How was this happening? My knee never feels good, never feels fluid. I click and creak and crack whenever I take a step. My knee is sometimes so tight that I can't bend or straighten it at all (not that I have full range of motion with it anymore, anyway). My volume of training is good, my aerobic fitness is excellent, but my power, my speed and my anaerobic capacity are entirely limited. It's not secret that every person has a bottom-line capability, the "worst" they'll do on an given day. I think I had found mine. By setting the right expectations, and being smart, I was squeezing the juice for all it was worth.
And now, here we are in March, just a few weeks away from the beginning of 2011 tri season, and after this particular weekend, I feel good about the outlook. If I were selling futures, I would say that I'll be back to at least where I was in 2009. My body feels broken every day, but it's build Ford (Ironman) tough now, and I know that I have a ton of volume that I can live off of from last year. That's how I was able to do what I did this weekend, without any indication that my body should have allowed me to do it...
Friday - Took advantage of the 80 degree day and rode for 4 hours with OJ. Put in a few real hard sections, and came back feeling good. Ran 9 miles later in the day at a comfortable pace.
Saturday - Led the expedition to Frederick. Talk about living off the interest, Ben came out for what was to be his first group ride and also longest ride ever. As I've explained, Frederick is no joke. And Ben rode extremely well. But when you've been alive as long as he has, you don't just have interest, you've got a fully vested pension and 401k to draw from. Alyssa also rode real well, again using the interest she accrued from last summer and the work she's done this winter to keep the juice rolling. We ran 20 minutes off the bike, where Pat and I pushed the last 5 minutes. Got back to Baltimore, felt wiped but got in the pool for a Super GT Saturday.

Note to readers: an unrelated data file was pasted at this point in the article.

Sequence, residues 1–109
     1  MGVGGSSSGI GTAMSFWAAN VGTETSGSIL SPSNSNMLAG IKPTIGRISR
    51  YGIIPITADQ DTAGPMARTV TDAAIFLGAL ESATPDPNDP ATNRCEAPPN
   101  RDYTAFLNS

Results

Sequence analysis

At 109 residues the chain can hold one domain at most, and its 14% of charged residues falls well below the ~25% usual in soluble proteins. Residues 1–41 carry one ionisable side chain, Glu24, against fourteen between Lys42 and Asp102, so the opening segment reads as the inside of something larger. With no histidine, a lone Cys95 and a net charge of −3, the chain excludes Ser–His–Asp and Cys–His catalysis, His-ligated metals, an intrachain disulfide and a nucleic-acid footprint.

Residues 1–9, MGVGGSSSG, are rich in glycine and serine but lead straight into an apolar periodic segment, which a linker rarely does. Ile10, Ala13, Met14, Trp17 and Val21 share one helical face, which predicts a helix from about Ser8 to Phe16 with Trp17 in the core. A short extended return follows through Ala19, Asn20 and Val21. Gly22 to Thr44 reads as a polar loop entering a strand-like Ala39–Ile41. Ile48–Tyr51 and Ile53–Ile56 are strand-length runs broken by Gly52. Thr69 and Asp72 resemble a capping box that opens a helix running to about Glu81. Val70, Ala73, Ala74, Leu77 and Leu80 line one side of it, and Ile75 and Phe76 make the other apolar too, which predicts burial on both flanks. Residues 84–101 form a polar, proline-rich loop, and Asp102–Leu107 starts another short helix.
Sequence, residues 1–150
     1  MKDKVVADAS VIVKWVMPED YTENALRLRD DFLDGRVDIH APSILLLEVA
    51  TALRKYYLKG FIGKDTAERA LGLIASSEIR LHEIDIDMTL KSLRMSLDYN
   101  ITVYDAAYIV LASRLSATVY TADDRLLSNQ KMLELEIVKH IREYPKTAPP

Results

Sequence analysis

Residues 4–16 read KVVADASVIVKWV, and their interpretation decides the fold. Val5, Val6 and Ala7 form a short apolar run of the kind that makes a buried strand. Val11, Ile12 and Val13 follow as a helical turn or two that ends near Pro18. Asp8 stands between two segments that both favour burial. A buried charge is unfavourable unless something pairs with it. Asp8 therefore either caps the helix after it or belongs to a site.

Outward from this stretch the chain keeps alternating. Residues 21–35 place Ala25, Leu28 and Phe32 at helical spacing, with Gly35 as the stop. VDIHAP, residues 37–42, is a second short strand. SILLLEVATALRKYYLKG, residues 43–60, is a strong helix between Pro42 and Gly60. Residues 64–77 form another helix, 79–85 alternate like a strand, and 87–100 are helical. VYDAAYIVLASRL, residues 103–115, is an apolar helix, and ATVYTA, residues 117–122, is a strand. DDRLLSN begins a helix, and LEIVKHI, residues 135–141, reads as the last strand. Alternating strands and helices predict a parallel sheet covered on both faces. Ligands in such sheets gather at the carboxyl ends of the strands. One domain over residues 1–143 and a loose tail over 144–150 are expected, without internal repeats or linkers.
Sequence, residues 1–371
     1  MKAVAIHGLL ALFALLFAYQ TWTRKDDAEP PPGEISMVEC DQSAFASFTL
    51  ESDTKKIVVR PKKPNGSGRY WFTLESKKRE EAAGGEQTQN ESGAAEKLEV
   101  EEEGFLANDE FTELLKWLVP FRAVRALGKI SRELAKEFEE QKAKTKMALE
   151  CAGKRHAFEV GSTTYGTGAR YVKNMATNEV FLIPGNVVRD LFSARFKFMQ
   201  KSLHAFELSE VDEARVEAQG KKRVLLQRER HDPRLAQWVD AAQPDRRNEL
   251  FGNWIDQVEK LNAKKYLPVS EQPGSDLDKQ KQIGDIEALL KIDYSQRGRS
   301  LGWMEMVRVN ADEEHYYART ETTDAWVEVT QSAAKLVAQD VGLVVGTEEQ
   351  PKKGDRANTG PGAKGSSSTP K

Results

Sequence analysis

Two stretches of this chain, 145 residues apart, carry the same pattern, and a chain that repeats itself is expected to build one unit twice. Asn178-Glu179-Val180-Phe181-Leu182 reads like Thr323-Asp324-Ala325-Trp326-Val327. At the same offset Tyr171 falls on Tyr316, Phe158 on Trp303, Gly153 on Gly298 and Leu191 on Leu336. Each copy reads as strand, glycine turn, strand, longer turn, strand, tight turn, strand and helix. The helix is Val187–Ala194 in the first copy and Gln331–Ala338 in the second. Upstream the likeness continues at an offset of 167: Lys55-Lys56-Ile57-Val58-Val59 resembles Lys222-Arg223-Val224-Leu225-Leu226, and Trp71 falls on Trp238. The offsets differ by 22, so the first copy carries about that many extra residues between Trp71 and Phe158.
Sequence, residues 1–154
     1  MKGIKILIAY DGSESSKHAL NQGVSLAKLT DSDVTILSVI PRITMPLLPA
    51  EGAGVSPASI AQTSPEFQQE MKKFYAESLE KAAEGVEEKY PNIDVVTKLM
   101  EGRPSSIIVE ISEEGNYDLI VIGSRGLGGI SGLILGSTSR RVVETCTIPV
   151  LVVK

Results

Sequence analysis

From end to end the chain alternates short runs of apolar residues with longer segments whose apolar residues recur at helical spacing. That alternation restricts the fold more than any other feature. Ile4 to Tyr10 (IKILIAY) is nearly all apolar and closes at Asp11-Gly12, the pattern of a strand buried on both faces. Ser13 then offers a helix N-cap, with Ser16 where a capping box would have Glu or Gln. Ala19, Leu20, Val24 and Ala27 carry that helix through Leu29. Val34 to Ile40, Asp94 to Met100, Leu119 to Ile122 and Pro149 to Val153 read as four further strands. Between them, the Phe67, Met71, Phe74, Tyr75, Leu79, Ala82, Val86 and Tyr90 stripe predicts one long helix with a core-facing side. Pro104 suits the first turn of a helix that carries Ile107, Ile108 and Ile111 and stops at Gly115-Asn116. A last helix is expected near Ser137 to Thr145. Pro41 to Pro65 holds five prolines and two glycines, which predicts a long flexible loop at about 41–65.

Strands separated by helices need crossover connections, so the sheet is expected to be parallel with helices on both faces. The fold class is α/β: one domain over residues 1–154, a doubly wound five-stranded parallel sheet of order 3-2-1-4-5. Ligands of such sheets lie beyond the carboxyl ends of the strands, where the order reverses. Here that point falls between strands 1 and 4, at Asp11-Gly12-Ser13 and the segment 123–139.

Sunday - Knew it was going to be tough today. It's not often that I'll go 3 days in a row on the bike, and this was to be day #4 (rode easy 75min outside on Thursday). After 10 hours in 3 days on the bike, I wasn't sure how my body would go, but in honor of my late homey, Nate Dogg, I was determined to "rock it til the wheels come off." The nice temperatures were gone, and in their stead was cold air and cold, stiff wind. As a result, I waited until later in the day and rode once again with OJ. He defines "keeping the juice rolling" - because I call him Juice and because he was rolling. We departed Meadowbrook and headed north, dropping into Hunt Valley and splicing together a number of rides, hitting some of the nastier climbs in the county (Greenspring, Caves, a 4:14 trip up Bellemore). At just under 4 hours, this marked a 13 hour 4 day bike binge, and an approximate 200 miles.
You can go hard until your body tells you to stop. Then you recover. Then you repeat. That's what makes champions. Most of the time, I just get excited to see what my body is capable of doing. I think that's why we all do it.
For the week, on the strength of the bike volume, I was nearly at 20 hours. Hard to believe that I didn't drop below 20 for most of the 5 months I was training last year. I was going to run Sunday, as with only 3 miles on Saturday my week mileage was 35, but then I thought the better of it. If I was going to run 35-45 minutes just to get over 40 miles, there wouldn't have been much point. My legs were cooked and the riding was the focus of the weekend. The pool was 3 swims at 3k each for a total of 9000m.
Today is all about making deposits; in this case the deposit is the respite of a day of recovery. An easy swim, an easy run. It's a critical time of year now, where I'll start to transition away from slower, easier efforts to a few precise, harder ones. When you begin to introduce racing, plus the harder efforts, your body gets thrown for a loop and you can overdraw your account without knowing it, and then TD Bank will allegedly fix the problem but then they didn't tell you that you had to sign something, and then for some reason your mom is still on the account that you set up when you were like 5 years old and because TD Bank doesn't have a big presence here, they have to mail it to you and then you have to mail it back and then your mom has to go in and sign it, but that's neither here nor there.
Just remember every day that you do something, the juice will keep rolling.